There were guffaws all around. another bottle of brandy was ordered. Emboldened by the response, the baronet took another long draught from his glass and continued. " You know these country gels. Her groom has probably been having at her. Wouldn't mind joining the sport myself, even though she's no diamond of the first water. Has spirit, though. Heard her arguing — arguing, for God's sake — with a man at the Haverly's rout. I like a filly with spirit between my legs."

 

"Aye, Vinley. It's well known you'd unbutton your breeches for anything that wears a skirt..."

 

"Enough," A baron lately come down from his estate in Yorkshire, a newer member of their set, which included some of the less reputable members of the Ton, scratched at his whiskers and looked slightly discomfited. He appeared to glance around the room as if to ascertain who was paying them any attention. "We are discussing, er, ladies, not some lightskirts from Southwark."

 

"Ah, but that is what makes it... interesting." The words came from an elegantly dressed man of medium height who was lounging against the mantelpiece. Toying with one of the many fobs that dangled from his embroidered waistcoat, he cast a surreptitious look at the figure of the earl, who seemed to be dozing, oblivious to the conversation.

 

"Would you think someone with a reputation of cutting a swath through the ladies — say, for example, Branford there — could get a forward girl like Miss Chilton to give him a tumble?" He picked for a moment at the edge of his immaculate cuff while some of the others traded nervous glances.

 

A young viscount drained his glass, swaying slightly in the process. "Aye, Hammerton. I'd put my blunt on Branford to have his way with her. Why, if all the rumors are correct," he added in a near whisper, "he's sampled the charms of half the wives of the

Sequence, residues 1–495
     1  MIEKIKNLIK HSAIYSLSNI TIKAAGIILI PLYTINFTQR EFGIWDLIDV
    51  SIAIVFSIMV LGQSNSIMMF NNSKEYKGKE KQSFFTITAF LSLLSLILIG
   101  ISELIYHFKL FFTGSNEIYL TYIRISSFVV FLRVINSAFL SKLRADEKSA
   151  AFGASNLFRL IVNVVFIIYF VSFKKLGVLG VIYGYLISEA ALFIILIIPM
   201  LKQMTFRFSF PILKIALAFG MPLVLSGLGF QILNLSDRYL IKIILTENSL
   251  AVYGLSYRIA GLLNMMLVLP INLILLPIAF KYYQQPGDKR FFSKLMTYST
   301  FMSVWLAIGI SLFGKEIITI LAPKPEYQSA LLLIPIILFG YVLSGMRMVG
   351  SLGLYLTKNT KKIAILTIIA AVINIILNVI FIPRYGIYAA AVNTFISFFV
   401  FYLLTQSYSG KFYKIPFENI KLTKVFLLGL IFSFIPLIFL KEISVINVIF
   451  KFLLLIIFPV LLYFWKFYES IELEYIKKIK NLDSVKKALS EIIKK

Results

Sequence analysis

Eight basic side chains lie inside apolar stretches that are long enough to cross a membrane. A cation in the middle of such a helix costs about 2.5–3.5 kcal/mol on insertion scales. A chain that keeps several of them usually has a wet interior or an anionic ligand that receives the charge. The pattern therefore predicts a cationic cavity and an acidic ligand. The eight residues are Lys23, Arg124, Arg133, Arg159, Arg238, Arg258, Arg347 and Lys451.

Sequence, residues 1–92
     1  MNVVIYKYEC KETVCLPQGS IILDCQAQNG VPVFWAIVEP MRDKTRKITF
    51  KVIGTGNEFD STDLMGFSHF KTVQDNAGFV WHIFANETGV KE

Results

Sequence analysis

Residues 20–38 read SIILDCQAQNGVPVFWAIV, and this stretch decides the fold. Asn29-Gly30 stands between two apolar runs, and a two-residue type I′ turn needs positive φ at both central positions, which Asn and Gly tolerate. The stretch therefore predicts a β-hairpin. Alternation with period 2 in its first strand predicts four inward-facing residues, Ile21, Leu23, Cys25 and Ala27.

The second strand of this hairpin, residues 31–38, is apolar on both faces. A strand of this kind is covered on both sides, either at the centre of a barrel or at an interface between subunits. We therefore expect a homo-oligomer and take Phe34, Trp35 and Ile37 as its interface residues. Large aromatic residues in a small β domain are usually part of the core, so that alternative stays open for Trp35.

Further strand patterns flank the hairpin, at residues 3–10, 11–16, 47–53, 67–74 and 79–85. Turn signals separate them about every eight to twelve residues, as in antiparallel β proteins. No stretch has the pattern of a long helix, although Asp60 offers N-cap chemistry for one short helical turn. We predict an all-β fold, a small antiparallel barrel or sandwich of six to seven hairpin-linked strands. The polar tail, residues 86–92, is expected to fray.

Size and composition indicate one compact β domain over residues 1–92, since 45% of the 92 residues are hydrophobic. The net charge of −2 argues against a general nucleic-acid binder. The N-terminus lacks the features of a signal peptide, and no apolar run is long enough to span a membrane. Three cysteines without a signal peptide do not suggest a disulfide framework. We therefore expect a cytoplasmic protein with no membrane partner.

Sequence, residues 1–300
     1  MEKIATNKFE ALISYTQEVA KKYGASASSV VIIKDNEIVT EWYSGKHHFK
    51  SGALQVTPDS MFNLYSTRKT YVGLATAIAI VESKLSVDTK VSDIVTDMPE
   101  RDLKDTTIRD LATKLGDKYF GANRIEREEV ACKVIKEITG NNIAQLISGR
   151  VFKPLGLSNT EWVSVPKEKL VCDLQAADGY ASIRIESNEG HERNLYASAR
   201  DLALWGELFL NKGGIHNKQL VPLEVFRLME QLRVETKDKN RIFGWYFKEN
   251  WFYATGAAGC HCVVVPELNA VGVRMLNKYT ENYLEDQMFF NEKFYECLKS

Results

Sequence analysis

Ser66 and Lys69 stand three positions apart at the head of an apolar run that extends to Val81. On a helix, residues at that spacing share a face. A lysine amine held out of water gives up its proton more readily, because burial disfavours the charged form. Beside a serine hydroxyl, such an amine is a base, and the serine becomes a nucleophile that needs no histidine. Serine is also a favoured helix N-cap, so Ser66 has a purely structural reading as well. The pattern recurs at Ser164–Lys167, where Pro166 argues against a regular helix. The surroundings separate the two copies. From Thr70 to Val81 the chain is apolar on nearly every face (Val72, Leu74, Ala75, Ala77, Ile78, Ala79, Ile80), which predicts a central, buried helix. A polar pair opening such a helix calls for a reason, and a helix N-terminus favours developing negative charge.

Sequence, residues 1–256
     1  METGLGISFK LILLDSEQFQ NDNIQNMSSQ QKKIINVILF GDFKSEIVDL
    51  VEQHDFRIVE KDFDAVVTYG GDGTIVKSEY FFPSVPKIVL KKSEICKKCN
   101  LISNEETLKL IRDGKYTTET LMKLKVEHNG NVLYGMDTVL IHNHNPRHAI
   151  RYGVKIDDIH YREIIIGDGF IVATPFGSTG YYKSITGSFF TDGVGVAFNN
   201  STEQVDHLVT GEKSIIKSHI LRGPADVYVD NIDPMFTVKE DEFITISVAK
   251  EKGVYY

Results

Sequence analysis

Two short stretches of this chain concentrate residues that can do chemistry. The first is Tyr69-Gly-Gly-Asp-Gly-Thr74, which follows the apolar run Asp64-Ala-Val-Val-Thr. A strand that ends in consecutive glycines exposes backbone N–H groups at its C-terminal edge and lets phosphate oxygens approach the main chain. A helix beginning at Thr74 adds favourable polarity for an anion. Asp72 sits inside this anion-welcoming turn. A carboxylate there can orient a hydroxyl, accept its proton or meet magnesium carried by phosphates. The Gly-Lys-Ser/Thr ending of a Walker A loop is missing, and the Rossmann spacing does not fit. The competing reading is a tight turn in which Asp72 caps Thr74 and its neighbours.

Ton..."

 

"Including yours, Fielding, for all the action you give her," jeered a voice.

 

"And welcome to the bitch he'd be," muttered the baronet as a flush rose over his face.

 

"I say it can't be done. The aunt's not that much of a loose screw, even if the chit is."

 

"A bet! A bet!" chorused two other voices, their tongues loosened by the copious amounts of alcohol consumed.

 

A ghost of a smile crept over Hammerton's lips. "What say you, Branford?" he called in a louder voice. "Care to partake in a little wager?" His tone conveyed a subtle tone of insolence.

 

The earl's eyes slowly opened, the flickering light catching a spark of sapphire. "What?"

 

"A wager," repeated Hammerton. "Care to bet on whether you can mount a certain lady?"

 

"Which lady?"

 

"One no better than she should be. Name is Chilton. Arrived from the country last week."

 

The earl stared at Hammerton from beneath hooded eyes.

 

"Now myself and Chumley are willing to wager it can't be done — in say, a fortnight. Anyone else with us?" A murmur of assent came from a few others. "So, Wilton and Chichester will join us. Say we each put up 125 pounds. Do you care to match our 500 pounds? With your vast fortune, it seems... fair." He emphasized the words "vast fortune" just enough to make his intent of doing so unmistakable.

 

A hint of emotion seemed to flash in Branford's eyes, but his face remained impassive. "It seems you do not tire of losing your money to me," he said evenly. "Over the last month we have been matched at cupping the wafers at Manton's, racing curricles to Bath and running our horses at Ascot..." He let his sentence trail off deliberately. Hammerton's jaw tightened. "However," continued Branford, "if it amuses you to keep it up, why not?"

BOOK: Code of Honor